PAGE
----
Laura Mattioli, the founder and president of CIMA, fascinated audience members with her memories about the artist and some personal anecdotes about the friendship between Morandi and her father, Gianni Mattioli, an important collector of modern art. She spoke in conversation with Vivien Greene, Senior Curator of 19th- and early 20th-Century Art at The Solomon R. Guggenheim Museum and a member of CIMA’s advisory committee.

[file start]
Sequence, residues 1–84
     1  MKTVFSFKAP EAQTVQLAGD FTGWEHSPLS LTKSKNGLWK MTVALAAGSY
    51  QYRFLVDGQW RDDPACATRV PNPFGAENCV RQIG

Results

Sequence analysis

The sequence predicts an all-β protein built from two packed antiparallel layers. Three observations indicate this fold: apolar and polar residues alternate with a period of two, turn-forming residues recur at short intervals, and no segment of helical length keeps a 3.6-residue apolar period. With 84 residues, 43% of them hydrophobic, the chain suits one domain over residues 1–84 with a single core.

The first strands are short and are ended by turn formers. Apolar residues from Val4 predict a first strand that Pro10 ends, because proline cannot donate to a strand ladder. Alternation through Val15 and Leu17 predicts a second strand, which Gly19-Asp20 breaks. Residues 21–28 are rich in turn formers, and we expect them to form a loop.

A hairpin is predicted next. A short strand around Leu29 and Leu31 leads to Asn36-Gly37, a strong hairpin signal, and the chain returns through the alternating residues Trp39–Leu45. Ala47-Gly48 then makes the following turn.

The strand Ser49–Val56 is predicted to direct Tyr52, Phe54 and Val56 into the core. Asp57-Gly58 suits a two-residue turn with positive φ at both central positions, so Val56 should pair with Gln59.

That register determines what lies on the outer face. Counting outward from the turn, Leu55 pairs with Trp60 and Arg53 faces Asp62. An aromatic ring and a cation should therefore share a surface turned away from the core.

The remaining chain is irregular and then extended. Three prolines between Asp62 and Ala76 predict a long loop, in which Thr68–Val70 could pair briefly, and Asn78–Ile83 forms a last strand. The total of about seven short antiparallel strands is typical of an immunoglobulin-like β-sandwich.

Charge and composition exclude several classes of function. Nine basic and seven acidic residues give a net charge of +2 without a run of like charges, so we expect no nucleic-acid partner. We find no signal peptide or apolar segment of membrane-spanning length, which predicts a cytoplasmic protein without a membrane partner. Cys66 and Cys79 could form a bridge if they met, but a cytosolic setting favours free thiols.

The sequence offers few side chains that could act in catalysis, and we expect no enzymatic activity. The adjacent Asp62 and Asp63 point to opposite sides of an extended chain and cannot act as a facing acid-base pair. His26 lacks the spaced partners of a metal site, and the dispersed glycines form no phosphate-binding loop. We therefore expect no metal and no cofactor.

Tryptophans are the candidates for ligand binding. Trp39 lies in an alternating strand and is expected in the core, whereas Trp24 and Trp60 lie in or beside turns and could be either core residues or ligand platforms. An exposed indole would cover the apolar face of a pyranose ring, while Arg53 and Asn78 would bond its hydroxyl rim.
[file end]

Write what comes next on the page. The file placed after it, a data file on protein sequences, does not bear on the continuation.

Laura Mattioli knew Giorgio Morandi personally, through regular visits she made with her father to Morandi’s home and studio at Via Fondazza 36 in Bologna. Having grown up in an elegant bourgeois home in Milan, Laura recalled the wonder and shock of entering a small space so messy and filled with dust-laden objects and bottles. The relationship between Laura Mattioli and Morandi was solidified during her first pregnancy. She explained how she was confined to bedrest for many months and spent her time staring at one of Morandi’s paintings, an early Still Life from 1916 (now on view at CIMA). “Each time I looked – she explained – I saw something different, it seemed to reveal something new”. She never tired of looking at the painting; it was always teaching her something. This idea of living with great works of art, of seeing a work day in and day out and learning new things from it all of the time, lies at the heart of CIMA’s Fellowship Program, which offers young art historians the opportunity to spend six months working on the artist that is the focus of CIMA’s season.
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